We are searching data for your request:
Upon completion, a link will appear to access the found materials.
Treadmills are a reliable way to gain lower body strength.
Keith Brofsky/Photodisc/Getty Images
A treadmill offers unparalleled convenience, providing a consistent platform to exercise despite weather, road or time constrictions. Those looking to strengthen their legs will be able to do so by regularly running or walking on a treadmill. Trying a variety of techniques will help maintain enjoyment and provide a balanced leg workout.
Do the Shuffle
Instead of walking straight ahead, try walking sideways. According to Shape, the sideways shuffle will work out your inner and outer thighs and calves, as well as your hips and abs. Before you start, locate the kill switch so that you can stop the machine if you have trouble with the movement. Put your right hand on the front rail and your left hand on the left rail, facing your body to the left, and step from foot to foot, keeping your feet facing towards the left. Make sure to switch sides to keep your workout balanced.
Modern treadmills generally have incline features which can tilt the surface of the belt up to 10 or 12 percent to mimic the conditions of running or walking uphill. This provides a greater challenge and more strengthening opportunities than a level surface. About Time notes that working out on an incline will build more muscle in the upper and lower thighs, glutes, ankles and calves. Working out on an incline will also stretch your calves, helping you to build longer, learner calf muscles.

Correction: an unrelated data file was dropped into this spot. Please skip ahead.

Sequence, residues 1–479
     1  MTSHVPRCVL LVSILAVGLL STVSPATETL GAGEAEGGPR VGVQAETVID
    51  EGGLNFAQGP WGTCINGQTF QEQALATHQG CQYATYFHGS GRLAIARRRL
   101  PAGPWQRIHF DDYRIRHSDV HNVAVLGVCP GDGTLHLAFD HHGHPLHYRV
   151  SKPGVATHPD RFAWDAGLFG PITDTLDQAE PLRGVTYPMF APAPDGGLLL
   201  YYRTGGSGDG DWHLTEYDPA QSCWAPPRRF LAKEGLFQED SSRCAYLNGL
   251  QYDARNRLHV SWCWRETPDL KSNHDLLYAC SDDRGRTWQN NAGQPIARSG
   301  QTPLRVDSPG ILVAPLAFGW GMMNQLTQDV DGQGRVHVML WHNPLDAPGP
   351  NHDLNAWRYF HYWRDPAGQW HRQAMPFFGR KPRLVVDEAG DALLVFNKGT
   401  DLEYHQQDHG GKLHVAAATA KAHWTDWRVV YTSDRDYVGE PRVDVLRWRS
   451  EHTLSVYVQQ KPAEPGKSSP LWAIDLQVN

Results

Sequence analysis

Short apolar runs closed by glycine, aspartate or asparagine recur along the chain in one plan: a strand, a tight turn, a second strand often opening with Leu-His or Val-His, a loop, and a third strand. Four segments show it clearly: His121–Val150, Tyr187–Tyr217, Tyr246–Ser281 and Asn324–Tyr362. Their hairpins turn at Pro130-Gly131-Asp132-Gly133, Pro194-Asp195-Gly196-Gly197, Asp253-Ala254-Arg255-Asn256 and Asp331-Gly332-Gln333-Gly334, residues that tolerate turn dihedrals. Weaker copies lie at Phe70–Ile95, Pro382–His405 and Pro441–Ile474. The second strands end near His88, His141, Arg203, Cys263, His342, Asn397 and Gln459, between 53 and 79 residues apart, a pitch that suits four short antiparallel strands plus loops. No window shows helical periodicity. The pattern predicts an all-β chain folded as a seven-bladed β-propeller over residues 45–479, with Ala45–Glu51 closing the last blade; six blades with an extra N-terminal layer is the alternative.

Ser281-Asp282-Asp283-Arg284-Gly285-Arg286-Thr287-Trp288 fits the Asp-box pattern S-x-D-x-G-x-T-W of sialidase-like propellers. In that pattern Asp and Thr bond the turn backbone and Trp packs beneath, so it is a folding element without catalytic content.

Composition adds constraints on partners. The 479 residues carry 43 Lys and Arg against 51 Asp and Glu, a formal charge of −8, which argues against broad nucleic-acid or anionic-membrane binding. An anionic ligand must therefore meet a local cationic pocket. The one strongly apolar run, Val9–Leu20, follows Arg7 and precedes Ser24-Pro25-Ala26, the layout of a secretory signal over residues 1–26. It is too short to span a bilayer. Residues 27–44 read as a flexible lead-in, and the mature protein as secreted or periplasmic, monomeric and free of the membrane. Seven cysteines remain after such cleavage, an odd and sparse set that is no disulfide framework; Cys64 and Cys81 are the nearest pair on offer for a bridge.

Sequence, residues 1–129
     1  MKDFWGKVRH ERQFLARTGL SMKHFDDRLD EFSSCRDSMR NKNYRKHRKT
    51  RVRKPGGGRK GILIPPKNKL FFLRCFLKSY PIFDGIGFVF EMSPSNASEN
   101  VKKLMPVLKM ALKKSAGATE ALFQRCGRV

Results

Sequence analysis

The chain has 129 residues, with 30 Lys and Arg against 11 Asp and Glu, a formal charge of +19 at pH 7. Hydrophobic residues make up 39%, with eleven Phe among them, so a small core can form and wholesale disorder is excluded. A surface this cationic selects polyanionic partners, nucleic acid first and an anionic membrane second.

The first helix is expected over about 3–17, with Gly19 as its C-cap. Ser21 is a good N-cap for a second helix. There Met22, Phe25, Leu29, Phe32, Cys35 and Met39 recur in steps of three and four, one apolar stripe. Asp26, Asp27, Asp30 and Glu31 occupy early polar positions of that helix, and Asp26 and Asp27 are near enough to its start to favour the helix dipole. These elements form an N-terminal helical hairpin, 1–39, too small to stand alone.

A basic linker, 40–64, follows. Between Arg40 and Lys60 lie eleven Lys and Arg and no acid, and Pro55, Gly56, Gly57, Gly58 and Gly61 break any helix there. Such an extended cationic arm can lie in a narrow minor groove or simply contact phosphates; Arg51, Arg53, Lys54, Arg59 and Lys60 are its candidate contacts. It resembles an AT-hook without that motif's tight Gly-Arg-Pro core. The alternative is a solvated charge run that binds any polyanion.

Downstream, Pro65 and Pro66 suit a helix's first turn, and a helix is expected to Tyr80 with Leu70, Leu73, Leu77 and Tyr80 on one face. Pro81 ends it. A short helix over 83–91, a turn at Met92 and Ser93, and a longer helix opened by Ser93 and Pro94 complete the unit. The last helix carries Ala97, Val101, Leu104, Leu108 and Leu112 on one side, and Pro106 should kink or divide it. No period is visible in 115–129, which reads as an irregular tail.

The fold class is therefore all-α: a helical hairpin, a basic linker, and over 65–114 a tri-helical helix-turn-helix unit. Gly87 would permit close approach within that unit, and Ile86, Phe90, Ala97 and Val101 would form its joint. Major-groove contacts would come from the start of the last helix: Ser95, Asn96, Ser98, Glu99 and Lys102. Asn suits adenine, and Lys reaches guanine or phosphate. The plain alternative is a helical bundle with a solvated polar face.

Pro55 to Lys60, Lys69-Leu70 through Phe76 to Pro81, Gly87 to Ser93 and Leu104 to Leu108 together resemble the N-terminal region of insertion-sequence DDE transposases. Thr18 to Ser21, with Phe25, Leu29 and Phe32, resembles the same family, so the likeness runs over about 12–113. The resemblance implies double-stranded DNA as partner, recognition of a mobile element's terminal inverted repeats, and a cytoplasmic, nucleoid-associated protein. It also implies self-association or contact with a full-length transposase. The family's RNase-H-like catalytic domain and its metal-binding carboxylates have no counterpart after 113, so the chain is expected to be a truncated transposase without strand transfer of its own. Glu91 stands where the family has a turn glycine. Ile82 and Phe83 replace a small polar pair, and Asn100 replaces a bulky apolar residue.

Running or walking on a trail or road can offer many benefits. Hard surfaces such as asphalt and concrete, however, can cause stress on the feet, legs and joints over time. A treadmill, especially one with built-in shock absorbency, can provide a lower impact workout that will still strengthen your legs. A treadmill also helps you stay aware of your pace, as it's easier to notice when you slow down due to fatigue. This may encourage you to run harder for longer.
Feet Foes and Shin Woes
If you notice any pain in the front of your feet or shins, you may be overtaxing your dorsiflexor muscles. If you've been running on a fast, steep incline, try lowering the speed and incline and spending more time on a level surface to allow your muscles to warm-up. It may also be helpful to stretch your calves before stepping onto the treadmill. Avoid holding onto the treadmill bars, which will lower the effectiveness of your workout.